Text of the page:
Yang menggembirakan lagi, "Dari hasil survei kami, sepanjang pantai selatan mulai dari Pamengpeuk (Garut) sampai Kupang (NTT) sangat berpotensi untuk budidaya algae merah". Tak heran jika kemudian You mendirikan perusahaan Pegasus Internasional guna mendanai riset di Lombok. Dan Samsung Corporation, konglomerat asal Korsel berada di belakangnya.
"Sekarang kami sedang menangani Ptilophora, Pterocladia capillacea (Gelidium) dan satu jenis lagi yang akan dikembangkan, nama lokalnya beludru," imbuh Grevo. Saat ini, katanya, telah ada 5000 thallus benih. Sementara untuk keperluan budidaya dibutuhkan 100 ribu thallus per-hektar lahan. Grevo mengaku, proses pembenihan ini tidak mudah karena masih harus mengambil dari alam. "Kita butuh waktu sampai 3 tahun untuk mendapatkan 5000 thallus benih, itu pun dengan berkali-kali gagal," ucapnya.
Untuk pengembangan selanjutnya akan dibangun satu pabrik pulp di setiap 500 hektar lahan. Grevo memperkirakan, setiap hektar lahan akan butuh 2 petani. Setiap hektar akan menghasilkan 200 ton rumput laut per-tahun. Pulp yang bisa dihasilkan mencapai 30% dari rumput laut kering.
You menambahkan, dana pembangunan satu pabrik pulp mencapai US$ 2 juta atau sekitar Rp 18 miliar. Meski demikian, masyarakat juga bisa membuat pabrik ini karena teknologinya sederhana. "Seperti menggunakan mesin mixer," jelas You. Grevo memprediksi pada awal 2009 sudah bisa terealisasi. Disain pabrik rencananya akan mengambil dari Jepang.

Tak Ada Limbah
Proses pembuatan kertas dari rumput laut, tidak berbeda dari pembuatan kertas dari kayu. Ada lima proses pokok, yakni penyiapan bahan baku, pemasakan rumput laut, ekstraksi rumput laut, pemutihan dan pencetakan
Secara runtut, proses produksi dimulai dari panen rumput laut merah, kemudian dijemur, dibersihkan, dan dipotong-potong. Lalu dimasukan dalam tungku dan dimasak pada suhu tinggi (boiling), sehingga keluar ekstrak "inti" berupa agar untuk pangan.
Ampas rumput laut—yang telah diambil agarnya—kemudian diputihkan (bleaching) lalu dihancurkan jadi bubur rumput laut merah (pulp). Bubur inilah yang kemudian diolah jadi kertas. "Industri kertas ini tidak bersaing dengan industri agar-agar. Kita jusru memanfaatkan limbah agar-agar," ujar Grevo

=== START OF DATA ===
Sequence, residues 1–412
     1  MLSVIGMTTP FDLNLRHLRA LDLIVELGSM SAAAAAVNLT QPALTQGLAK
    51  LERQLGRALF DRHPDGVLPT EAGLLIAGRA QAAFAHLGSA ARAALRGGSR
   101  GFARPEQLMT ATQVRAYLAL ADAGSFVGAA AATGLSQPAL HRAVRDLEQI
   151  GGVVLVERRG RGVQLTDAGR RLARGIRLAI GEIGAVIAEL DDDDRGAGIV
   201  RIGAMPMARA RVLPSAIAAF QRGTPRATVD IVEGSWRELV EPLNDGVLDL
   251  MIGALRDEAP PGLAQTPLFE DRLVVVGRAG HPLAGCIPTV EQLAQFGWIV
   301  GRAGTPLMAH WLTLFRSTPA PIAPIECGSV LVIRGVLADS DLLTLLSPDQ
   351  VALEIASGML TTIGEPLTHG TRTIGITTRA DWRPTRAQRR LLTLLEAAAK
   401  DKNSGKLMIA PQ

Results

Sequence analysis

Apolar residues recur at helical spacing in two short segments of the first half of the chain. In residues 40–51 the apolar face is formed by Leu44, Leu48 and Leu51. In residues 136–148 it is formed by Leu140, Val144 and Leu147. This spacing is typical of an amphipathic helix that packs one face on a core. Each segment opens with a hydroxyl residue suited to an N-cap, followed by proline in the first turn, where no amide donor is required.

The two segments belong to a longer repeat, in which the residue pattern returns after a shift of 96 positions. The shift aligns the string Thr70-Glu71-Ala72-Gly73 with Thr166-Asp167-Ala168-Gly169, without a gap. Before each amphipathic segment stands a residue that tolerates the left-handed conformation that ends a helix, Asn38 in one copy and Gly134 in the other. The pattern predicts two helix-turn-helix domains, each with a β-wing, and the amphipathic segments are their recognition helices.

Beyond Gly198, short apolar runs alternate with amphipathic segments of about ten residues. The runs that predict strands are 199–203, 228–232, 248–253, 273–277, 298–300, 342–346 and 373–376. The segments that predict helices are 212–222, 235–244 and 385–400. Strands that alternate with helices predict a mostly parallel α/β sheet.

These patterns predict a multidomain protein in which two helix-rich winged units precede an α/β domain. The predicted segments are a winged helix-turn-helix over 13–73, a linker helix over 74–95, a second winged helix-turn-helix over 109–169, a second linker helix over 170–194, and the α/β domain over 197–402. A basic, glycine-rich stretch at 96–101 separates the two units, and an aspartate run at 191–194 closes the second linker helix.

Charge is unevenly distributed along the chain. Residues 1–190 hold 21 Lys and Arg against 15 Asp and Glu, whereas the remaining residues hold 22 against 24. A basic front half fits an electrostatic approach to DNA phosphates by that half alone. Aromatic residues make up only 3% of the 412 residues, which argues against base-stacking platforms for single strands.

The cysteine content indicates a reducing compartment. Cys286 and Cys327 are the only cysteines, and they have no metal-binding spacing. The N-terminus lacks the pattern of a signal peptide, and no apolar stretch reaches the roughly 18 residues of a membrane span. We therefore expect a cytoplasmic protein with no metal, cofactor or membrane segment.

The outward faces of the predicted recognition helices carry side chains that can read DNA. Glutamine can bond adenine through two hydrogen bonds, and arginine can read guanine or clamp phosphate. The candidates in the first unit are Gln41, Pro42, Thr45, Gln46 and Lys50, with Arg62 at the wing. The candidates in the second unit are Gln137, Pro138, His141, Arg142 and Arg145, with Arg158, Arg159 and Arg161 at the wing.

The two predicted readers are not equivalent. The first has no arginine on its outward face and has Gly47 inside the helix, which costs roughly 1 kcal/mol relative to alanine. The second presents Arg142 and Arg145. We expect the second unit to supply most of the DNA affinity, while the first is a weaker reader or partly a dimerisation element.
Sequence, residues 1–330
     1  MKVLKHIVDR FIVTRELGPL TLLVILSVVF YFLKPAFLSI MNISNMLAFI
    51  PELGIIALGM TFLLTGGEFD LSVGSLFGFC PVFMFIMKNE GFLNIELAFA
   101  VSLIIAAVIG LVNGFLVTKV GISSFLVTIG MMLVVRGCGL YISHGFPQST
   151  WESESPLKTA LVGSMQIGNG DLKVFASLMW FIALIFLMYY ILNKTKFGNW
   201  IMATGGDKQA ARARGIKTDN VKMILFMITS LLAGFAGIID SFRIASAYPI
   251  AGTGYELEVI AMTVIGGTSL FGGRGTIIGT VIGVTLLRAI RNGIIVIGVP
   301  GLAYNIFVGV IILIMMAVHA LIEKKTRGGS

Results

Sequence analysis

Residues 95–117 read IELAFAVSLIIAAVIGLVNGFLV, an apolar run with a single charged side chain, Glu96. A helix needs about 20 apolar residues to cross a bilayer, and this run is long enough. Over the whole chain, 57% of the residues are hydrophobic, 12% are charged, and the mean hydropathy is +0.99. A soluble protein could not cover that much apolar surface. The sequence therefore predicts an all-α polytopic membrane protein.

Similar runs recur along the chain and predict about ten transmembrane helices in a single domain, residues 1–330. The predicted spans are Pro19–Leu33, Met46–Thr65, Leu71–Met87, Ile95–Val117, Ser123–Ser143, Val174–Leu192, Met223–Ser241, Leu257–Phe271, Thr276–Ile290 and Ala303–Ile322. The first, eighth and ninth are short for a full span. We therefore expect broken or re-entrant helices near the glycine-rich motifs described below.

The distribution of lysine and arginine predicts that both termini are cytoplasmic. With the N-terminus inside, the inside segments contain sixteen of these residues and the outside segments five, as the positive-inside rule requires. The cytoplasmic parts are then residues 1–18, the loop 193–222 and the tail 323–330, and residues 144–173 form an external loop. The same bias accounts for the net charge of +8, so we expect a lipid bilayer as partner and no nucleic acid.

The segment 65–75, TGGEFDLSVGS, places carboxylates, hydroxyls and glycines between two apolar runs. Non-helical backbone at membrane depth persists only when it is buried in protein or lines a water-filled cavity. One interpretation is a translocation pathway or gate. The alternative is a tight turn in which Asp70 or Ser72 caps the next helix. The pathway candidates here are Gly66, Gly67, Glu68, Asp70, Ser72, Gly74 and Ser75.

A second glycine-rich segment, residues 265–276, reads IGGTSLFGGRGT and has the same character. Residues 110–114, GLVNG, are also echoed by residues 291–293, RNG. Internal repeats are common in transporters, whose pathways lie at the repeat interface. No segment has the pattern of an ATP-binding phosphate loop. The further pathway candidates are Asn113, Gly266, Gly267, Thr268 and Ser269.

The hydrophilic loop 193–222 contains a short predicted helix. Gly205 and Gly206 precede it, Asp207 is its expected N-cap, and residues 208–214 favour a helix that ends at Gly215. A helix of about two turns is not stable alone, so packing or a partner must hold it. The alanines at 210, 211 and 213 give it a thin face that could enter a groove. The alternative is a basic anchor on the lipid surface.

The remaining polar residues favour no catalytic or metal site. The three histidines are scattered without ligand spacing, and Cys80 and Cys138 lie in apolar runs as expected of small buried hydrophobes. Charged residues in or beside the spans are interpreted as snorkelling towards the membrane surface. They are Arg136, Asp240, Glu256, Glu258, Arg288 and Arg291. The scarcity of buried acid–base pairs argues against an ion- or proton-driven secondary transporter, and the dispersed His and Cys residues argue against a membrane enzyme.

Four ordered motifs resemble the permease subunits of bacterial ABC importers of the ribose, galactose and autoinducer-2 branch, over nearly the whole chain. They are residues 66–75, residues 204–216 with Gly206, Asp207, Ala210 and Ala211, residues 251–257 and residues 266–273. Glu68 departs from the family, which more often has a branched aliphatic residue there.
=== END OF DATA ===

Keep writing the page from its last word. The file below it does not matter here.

Bila dibandingkan, proses produksi kertas dari kayu, sarat akan bahan kimia seperti NaOH dan Na2S (untuk memisahkan serat selulosa dari bahan organik). Dan, berefek gas yang berbau dan mengandung hidrogen sulfida (H2S), methyl mercaptan (CH3SH), dimethyl sulphide (CH3SH3), dimethyl disulphide (CH3S2CH3) dan senyawa gas sulfur.
Hal inilah yang membuat operasional pabrik kertas berbahan baku kayu hampir selalu berbenturan dengan kepentingan lingkungan hidup. Sementara pengolahan produksi kertas dari rumput laut, diproses nyaris tanpa bahan kimia selain pemutihan dengan klorin. Dan yang terpenting, menurut You, hampir tidak ada limbah yang keluar, sehingga tidak berdampak bagi kesehatan.

Selengkapnya baca Majalah TROBOS edisi Januari 2008

Selasa, April 07, 2009

Kampung Tempe, Bebas Krisis Ekonomi

Liputan 6 - Kamis, Maret 19, 2009

Liputan6.com, Malang:

Dunia boleh saja diterpa krisis ekonomi global, tapi imbasnya ternyata tak sampai ke Kampung Sanan di Malang, Jawa Timur. Sudah turun-temurun penduduk kampung ini sibuk dengan rutinitas memproduksi tempe. Hampir 80 persen warga kampung bekerja sebagai produsen tempe. Itu sebabnya kampung ini kerap pula disebut Kampung Tempe.

Berkat tempe, bisa dibilang hampir tak ada pengangguran di kampung ini. Persaingan bisnis yang sehat membantu pengembangan produksi tempe di kampung ini. Tak hanya menyuplai tempe mentah, warga di kampung ini juga membuat produk tempe olahan, seperti kripik tempe.

Berkat tempe pula warga Kampung Sanan sekarang mempunyai bisnis sampingan baru, yakni penggemukan sapi. Peternak tinggal memanfaatkan ampas kedelai atau limbah produksi tempe sebagai makanan utama sapi. Selain mudah mendapatkannya, sapi pun lebih cepat gemuk ketimbang mengkonsumsi rumput.

Berkembangnya bisnis di kampung ini membuat roda ekonomi terus berputar dan hampir tidak terkena dampak krisis. Bahkan kini di kampung tersebut mulai banyak berdiri sentra penjualan oleh-oleh. Produsen dari kampung lain pun banyak menitipkan produk makanan ringannya di sini.(TES/Noor Ramadhan dan Eko Saktia)